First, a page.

Join the New Generation (At Any Age)

We've been talking this week about how times are changing. Working for one company for most of your career is a dying model. Even if you have a secure job you love, there's no guarantee your current position will exist five years from now.

The new model is like being a "free agent." You have a set of skills that you take to the marketplace and offer to the highest bidder. You work on projects for clients or yourself, and you leverage that into new opportunities.

Get in on the front end of this trend, and you stand a much better chance of thriving in the new system.

The new generation gets it.

Christina Gillick, a frequent guest editor here at The Writer's Life, is only a few years out of school, but she's already making her mark as a copywriter in the self-help niche. AWAI Member Rae Robinson went straight from college graduation to freelance writer two years ago. She's writing about one of her passions, tea, as well as running her own copywriting business.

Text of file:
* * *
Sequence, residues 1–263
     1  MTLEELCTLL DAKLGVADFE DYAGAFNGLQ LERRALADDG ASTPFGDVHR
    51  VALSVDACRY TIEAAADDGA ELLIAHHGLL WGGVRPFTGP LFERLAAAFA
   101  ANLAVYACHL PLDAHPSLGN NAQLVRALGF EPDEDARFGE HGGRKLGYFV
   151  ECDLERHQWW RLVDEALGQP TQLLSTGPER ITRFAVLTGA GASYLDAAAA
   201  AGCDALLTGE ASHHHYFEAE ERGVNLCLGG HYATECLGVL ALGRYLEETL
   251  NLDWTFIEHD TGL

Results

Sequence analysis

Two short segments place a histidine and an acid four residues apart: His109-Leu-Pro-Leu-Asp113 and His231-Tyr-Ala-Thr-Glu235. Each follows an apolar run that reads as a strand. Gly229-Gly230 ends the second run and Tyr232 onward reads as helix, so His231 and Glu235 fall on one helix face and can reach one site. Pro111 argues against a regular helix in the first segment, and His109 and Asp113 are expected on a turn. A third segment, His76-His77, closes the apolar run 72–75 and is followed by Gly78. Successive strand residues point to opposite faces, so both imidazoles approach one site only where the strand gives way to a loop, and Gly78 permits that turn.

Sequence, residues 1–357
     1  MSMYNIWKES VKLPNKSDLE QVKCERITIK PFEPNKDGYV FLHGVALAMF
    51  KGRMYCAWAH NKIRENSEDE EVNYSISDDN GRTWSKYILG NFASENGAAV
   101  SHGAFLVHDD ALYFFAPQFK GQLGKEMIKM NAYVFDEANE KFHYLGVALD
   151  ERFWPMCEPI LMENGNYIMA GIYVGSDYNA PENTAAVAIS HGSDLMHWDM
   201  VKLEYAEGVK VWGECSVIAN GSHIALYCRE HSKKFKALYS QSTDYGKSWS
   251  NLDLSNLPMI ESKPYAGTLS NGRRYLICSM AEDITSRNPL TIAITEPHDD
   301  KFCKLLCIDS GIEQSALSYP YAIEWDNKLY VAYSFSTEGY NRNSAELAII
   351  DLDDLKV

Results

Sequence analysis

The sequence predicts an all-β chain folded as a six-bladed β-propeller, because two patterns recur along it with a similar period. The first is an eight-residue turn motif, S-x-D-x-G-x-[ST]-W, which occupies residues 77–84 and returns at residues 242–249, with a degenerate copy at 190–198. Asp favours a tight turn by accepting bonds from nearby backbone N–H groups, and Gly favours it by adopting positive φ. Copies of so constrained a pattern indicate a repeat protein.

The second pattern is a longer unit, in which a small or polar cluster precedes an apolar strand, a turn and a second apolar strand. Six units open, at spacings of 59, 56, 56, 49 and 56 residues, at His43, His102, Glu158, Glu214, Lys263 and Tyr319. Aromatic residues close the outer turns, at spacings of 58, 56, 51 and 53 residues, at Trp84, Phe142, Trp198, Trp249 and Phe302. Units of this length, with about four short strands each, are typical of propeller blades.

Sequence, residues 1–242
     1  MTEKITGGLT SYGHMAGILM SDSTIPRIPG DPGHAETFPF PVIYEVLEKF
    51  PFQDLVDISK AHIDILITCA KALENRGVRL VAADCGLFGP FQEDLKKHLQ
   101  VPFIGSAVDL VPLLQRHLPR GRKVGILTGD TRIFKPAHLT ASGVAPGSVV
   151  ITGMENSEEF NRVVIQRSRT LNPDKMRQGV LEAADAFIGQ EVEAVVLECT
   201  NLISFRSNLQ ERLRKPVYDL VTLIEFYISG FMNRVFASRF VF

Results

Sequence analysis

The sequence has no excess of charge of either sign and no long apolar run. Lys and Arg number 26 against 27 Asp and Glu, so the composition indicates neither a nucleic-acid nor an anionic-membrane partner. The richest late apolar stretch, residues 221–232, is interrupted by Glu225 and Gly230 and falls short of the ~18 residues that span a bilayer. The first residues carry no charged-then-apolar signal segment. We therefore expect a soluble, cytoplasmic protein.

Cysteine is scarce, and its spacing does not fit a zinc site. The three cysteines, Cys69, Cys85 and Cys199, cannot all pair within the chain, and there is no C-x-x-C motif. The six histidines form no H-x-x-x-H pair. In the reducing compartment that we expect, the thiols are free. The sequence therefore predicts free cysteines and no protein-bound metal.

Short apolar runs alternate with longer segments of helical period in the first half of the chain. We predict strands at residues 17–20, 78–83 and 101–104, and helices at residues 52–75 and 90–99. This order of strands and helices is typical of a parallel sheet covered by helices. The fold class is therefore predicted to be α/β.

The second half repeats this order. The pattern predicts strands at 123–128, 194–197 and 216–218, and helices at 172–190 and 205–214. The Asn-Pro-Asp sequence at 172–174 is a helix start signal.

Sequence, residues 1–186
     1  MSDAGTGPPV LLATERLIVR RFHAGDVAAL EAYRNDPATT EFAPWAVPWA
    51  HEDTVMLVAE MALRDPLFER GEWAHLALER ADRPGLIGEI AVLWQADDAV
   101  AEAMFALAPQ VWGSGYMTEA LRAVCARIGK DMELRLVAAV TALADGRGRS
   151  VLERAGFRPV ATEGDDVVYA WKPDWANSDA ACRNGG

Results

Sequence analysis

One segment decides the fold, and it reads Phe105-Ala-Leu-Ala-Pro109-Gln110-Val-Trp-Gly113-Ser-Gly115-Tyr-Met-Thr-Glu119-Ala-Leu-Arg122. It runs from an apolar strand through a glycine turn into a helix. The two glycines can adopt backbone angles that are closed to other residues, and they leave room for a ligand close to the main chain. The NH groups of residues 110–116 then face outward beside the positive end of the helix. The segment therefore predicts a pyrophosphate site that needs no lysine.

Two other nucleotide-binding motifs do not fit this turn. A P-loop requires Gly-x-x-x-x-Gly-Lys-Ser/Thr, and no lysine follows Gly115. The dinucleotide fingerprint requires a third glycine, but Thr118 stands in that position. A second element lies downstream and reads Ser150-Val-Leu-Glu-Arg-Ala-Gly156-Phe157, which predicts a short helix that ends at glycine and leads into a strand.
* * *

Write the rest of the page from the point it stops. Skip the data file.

And AWAI's 2010 $10k Challenge Winner Roy Furr was already an A-list copywriter before his recent 30th birthday.

If you're not in your 20s or early 30s, don't worry.

The freelance world doesn't discriminate! You can be 25 years old or 75. As long as you can generate big ideas and get results for your clients, it doesn't matter.

I bring up this younger crowd because I think they can teach us three things. Let me illustrate with even younger examples – my own kids:

1. What's your unique angle?

One of the things I love about working from home is that it gives my kids a chance to see what I do. Since I have a huge library of resources (much of it courtesy of AWAI's Circle of Success program), I share mini-lessons with them whenever I can.